Weekly programs are held each
Tuesday evening, and those interested in attending are invited, Peak
stated.

Bart N.
will speak
6:15 pjn.,
the Union

VE-IT

Short Street

MEASURE UP
to the standards of the Army!
Let's cooperate with the army

and show them we can do our bit for the
Let's not

leave bottles or ice cream cups around to

attract

flies

Simmons college has announced
an intensive program In dietetics
for college graduates, to be offered
for the first time with the opening
of the summer session in July.

CLASSIFIED ADS

NEXT WEEK'S COMMITTEE

can-mat-

Alpha

XI Delta Jewelled sorority
pin. Name Lucille Richard on back. Return to Kernel Business Office. Reward.
LOST:

Betty Bohjuinon, Chairman
Scotty McCulloch, DelU Delta Delta
Dick Faulkner, Sigma Alpha Epsilon
Bob Smith, Independent

Black and white Schaeffer-Junlfountain pen sometime Friday, July 23.
in front of McVey HaU. If found please
return to Kernel Business Office or to the
Information Desk at the Student Union.

LOST:

and clutter up our campus anil

buildings. Let's make cleanliness our goal

Vincent Spagnuolo
This week's "Colonel of the Week" goes to Vincent
Spagnuolo, Arts and Sciences Junior from Cumberland, Kentucky.
"Spag," who is former Advertising Manager and
staff writer of the Kernel, is president of the Student
Government Association, vice president of the Newman Club, sports editor of the Kentuckian, and a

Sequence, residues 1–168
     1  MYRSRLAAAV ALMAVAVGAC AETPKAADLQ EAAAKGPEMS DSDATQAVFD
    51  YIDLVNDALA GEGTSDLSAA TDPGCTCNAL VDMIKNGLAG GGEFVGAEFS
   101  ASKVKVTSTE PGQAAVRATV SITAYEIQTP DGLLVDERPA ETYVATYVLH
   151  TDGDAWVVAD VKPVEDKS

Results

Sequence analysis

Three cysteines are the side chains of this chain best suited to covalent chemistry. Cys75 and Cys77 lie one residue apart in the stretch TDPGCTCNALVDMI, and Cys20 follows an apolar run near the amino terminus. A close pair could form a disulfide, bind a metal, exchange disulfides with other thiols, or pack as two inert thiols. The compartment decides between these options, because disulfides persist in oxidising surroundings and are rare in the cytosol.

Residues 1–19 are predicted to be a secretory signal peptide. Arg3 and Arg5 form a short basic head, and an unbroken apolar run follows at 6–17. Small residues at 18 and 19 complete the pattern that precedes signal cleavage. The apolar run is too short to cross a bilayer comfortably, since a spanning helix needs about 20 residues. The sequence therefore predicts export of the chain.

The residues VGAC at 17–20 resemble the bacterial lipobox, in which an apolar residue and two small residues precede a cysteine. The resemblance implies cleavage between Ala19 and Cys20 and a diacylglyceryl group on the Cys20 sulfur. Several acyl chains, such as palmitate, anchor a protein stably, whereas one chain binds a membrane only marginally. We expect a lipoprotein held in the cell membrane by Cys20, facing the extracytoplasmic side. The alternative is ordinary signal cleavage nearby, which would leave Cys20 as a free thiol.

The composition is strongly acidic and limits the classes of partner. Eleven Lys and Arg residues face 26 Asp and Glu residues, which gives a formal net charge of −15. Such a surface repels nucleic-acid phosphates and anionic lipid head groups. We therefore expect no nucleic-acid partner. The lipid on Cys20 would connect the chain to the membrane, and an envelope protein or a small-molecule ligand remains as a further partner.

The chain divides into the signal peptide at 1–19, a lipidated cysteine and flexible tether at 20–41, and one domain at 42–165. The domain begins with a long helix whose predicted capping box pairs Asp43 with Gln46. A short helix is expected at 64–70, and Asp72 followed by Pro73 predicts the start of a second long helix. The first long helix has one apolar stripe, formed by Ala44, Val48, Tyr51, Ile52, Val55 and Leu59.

member of the Student Union Activities Committee.
He also was a member of the Student Union House
Committee and represented the College of Arts and
Sciences in the Student Government Association.
For these achievements, we invite you In to enjoy
any two of our delicious meals.

a sardine to his

"Thank goodness we're not war
workers who have to live In

war effort by being considerate.

'

On "Everyday Living"

Says

Students!

&f

Eyes Examined

and make use of the trash cans and boxes

Glasses Fitted

SERVING HOURS
Lunch

11:45-1:3- 0

Dinner 5:15-7:3- 0
Sunday Dinner 11:45-2:4-

Prescriptions Filled

for coke bottles. Thanks!

5

Dr. H. H. Fine
Optometrist

Campus Book Store

124

North Lime

Phone

I
2701

Cedar Village Restaurant

rs,

* THE KENTUCKY KERNEL

Page Four

Friday, July 30, 1943

Problem Of Campus Etiquette Guignol Loses A

Mainstay
As Geiger Leaves Campus

Poses Momentous Questions
military atmosphere In
campus is
our once-prodrenched brings along with its
many pleasures some tricky problems. 8'diSerent now, to be specific We're not trying to alarm
the U. 8. Army or the FJ3X or even
our Commander-in-Chiwhen we
say that with the khaki came
calamity.
With the advent of 600 soldiers
on the campus, came also an even
600,000 problems.
But space and
the reader's patience prohibits our
listing more than a paltry four or
five. There are questions which
sure enuf have been bothering us
for months. We're In a mild state
of tantrums whenever these little
situations come up. Maybe that
astute "Baby," O. L wizard, can
This

which

ud

ef

give us some advice. Who knows,
even General George Catlett Marshall may take pity on a bewildered
coed.
Situation N. 1: You are blithely
tripping across the campus when
you hear the hup, toop, treep, fop
of marching men behind you. What
should you do? Run like mad and